TypeError: cannot assign ‘torch.cuda.FloatTensor’ as parameter ‘weight’ (torch.nn.Parameter or None expected)

(Michael Klachko) #1

I’m doing weight clipping, and I’d like to learn an optimal clipping threshold:

class Net(nn.Module):
    def __init__(self):
        super(Net, self).__init__()

        self.w_max = nn.Parameter(torch.Tensor([0]), requires_grad=True)

        self.conv1 = nn.Conv2d(3, 32, kernel_size=5)
        self.conv2 = nn.Conv2d(32, 64, kernel_size=5)
        self.pool = nn.MaxPool2d(2, 2)
        self.relu = nn.ReLU()
        self.linear = nn.Linear(64 * 5 * 5, 10)

    def forward(self, input):
        conv1 = self.conv1(input)
        pool1 = self.pool(conv1)
        relu1 = self.relu(pool1)
        conv2 = self.conv2(relu1)
        pool2 = self.pool(conv2)
        relu2 = self.relu(pool2)
        relu2 = relu2.view(relu2.size(0), -1)
        return self.linear(relu2)

model = Net()
nn.init.constant(model.w_max, 0.1)
optimizer = torch.optim.SGD(model.parameters(), lr=0.001)
for epoch in range(100):
    for i in range(1000):
        output = model(input)
        loss = nn.CrossEntropyLoss()(output, label)
        model.conv1.weight[model.conv1.weight >= model.w_max] = model.w_max

I want the gradient of w_max to be the sum of gradients of all weights above w_max

This works fine for activation clipping thresholds, but for weights I get

TypeError: cannot assign ‘torch.cuda.FloatTensor’ as parameter ‘weight’ (torch.nn.Parameter or None expected)

How do I do this?

(Alban D) #2


You cannot set the content of parameters with a Tensor directly.
Maybe use masked_scatter_ or masked_fill_.

(Michael Klachko) #3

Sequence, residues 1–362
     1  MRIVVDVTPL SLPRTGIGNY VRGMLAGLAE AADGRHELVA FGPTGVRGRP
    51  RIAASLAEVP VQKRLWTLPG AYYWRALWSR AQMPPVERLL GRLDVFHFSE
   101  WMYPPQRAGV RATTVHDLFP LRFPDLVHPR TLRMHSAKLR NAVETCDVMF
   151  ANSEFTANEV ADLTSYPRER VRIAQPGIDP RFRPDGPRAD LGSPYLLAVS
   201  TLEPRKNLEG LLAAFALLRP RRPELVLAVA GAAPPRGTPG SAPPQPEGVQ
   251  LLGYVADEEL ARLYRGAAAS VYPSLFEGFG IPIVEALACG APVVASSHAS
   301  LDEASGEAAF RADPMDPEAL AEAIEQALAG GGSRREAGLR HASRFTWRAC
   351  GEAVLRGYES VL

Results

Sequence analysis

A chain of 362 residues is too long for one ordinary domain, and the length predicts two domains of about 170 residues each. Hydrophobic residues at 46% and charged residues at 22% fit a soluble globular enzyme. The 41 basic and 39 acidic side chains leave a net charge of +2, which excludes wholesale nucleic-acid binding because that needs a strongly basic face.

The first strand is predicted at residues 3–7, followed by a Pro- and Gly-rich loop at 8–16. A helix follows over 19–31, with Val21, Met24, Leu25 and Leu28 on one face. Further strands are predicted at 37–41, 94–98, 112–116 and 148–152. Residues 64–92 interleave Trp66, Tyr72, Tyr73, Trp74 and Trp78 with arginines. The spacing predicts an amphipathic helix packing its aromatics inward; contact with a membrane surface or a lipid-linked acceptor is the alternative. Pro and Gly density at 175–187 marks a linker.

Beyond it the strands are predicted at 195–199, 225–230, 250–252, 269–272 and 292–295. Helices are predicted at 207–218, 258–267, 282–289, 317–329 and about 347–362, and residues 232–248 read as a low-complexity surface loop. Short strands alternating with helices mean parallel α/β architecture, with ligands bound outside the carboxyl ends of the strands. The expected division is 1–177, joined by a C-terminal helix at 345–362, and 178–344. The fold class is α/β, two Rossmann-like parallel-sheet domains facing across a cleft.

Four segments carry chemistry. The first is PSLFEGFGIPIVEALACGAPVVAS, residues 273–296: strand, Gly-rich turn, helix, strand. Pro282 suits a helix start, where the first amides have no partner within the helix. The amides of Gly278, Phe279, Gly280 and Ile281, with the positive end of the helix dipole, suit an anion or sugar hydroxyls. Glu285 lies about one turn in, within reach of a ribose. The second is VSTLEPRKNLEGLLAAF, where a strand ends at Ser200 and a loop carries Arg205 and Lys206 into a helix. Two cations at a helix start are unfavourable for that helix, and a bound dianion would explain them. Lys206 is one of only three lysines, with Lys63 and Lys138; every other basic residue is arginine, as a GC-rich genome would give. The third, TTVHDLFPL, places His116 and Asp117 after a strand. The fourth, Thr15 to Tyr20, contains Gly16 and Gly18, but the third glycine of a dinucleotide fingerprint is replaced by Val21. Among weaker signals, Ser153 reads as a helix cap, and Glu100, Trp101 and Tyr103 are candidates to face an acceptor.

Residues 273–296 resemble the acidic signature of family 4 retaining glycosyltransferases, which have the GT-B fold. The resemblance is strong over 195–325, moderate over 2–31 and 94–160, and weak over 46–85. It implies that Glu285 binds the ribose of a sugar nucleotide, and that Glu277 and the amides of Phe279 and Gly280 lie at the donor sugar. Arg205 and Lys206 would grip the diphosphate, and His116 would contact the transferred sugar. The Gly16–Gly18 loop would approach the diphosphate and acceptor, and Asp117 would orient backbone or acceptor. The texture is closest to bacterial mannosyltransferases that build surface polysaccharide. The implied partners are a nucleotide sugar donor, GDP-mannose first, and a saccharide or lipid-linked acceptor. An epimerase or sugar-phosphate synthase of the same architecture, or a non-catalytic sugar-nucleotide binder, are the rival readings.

I put

self.conv1.weight.masked_scatter_(self.conv1.weight > self.w_max, self.w_max)

as the first line in forward(), but I’m getting:

RuntimeError: a leaf Variable that requires grad has been used in an in-place operation.

(Alban D) #4

If this is the way you update your weights and don’t want gradients to flow back this op (which is what you want I expect), you should wrap this op in a with torch.no_grad():. This way the engine will know that you’re not trying to make a differentiable op and just changing a value of the weights:

# More code
with torch.no_grad():
  self.conv1.weight.masked_scatter_(self.conv1.weight > self.w_max, self.w_max)

(Michael Klachko) #5

No, I do want to learn both weights and the threshold. Currently I have to do it manually:

loss = loss + 0.001 * model.w_max ** 2
w_max_grad = torch.sum(model.conv1.weight.grad[model.conv1.weight >= model.w_max])  
model.w_max.grad.data += w_max1_grad

Note that I force L2 penalty on the threshold growth, so I have to add the clipped weight gradients to the L2 loss gradient for the threshold before I update its value.

This works, however when I do the same thing for activation clipping, I don’t need to do anything manually - the gradients are accumulated correctly in the backward pass.

(Alban D) #6

Just as a note, you should not do:

model.w_max.grad.data += w_max1_grad


with torch.no_grad():
    model.w_max.grad += w_max1_grad

The first one can hide very subtle bugs that will make the code run but the computed gradients will be wrong.

(Michael Klachko) #7

Thank you! This made it more stable.

On a related note, is this a good way to do gradient clipping: w_max.grad.data.clamp_(-1, 1)
right before I manually update gradient?

(Michael Klachko) #8

Also, is this the best way to zero gradient: model.w_max.grad.data[:] = 0 ?

(Alban D) #9

You can do the clipping within the torch.no_grad() block and remove the .data as well.
To zero out gradients, you can do model.zero_grad() and that will zero out all the .grad fields of all the Parameters in the net.
It does something like:

with torch.no_grad():
  for p in model.parameters():